“I sure would like a funnel cake,” my wife said to me last weekend.
This is the season that we enjoy those wonderful delicacies normally found only at a fair or festival. This is the year that most of the fairs and festivals have fallen victim to the coronavirus.
Part of the fun of walking around a fall fair or festival is having something in your hand that is good to eat. Maybe not good for you, but good nonetheless.
Often, you can find a perch that with a mere turn of your head will yield a whiff of something that soothes your palate. Kettle corn, funnel cakes, roasted corn on the cob, boiled peanuts and any number of sweet or savory things.
If it had rained and was miserable, the loss of festivals might have been a less bitter pill to swallow. But we’ve had some beautiful fall days with lots of sunshine and just the right amount of autumnal crispness in the air.
A few years ago, we spent an October weekend in New England. A friend of mine from New Hampshire lives in a house that was built in 1790. George was president. Washington, that is, not Bush. If you’ve never made that trek, I highly recommend it.
We had breakfast in Woodstock, New Hampshire, where a guy has a local eatery with great pancakes topped with that season’s maple syrup. It’s a wonderful taste, but takes a little getting used to.
When we’re at home, we tend to make a loop this time of year. We go up through Clayton into North Carolina. After meandering around, we come back down the other side, through either Dahlonega or Cleveland. Our leaves are pretty, but a far cry from those beautiful maples of New England.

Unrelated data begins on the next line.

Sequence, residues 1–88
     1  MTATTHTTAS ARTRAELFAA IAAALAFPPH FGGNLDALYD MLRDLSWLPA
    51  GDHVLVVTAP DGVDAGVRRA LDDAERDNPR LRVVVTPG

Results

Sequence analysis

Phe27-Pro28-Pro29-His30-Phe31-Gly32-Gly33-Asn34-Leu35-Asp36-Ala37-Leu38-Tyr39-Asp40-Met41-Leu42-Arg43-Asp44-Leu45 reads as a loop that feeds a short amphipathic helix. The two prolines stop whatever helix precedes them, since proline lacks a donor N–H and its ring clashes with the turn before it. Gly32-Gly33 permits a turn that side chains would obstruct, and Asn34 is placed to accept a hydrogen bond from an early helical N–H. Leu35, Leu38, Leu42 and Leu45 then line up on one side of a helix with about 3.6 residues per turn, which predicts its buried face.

Our goal in many of our travels is to find the unique local restaurant, not some chain outfit. It may be quaint and lovely, or it may be a hole in the wall, but we have found some fine places that we would like to visit again.
Sadly, many places are completely closed or offer only a to-go menu. It’s been a tough time for the restaurant business everywhere, and I pray they will recover.
The aforementioned festivals helped fill hotel rooms, sell gasoline and bring people and their spending money to many little towns. We have a lot of places in the mountains and on the coast that depend on tourism revenue to bolster their local economy.
I hope that as things return to whatever normal will be, my friends and neighbors will plan a trip to one of our treasured Georgia towns and contribute to improving their economic health.
I’m glad that the trees and their beautiful leaves did not close for business. It’s still a most enjoyable adventure to take a drive to the mountains and look at the fall color spectacle. Take it as a prelude to next year, when things will hopefully improve, and we will see the personal and community health of our state on the mend.
Harris Blackwood is a Gainesville resident whose columns appear on the weekend Life page and on www.gainesvilletimes.com.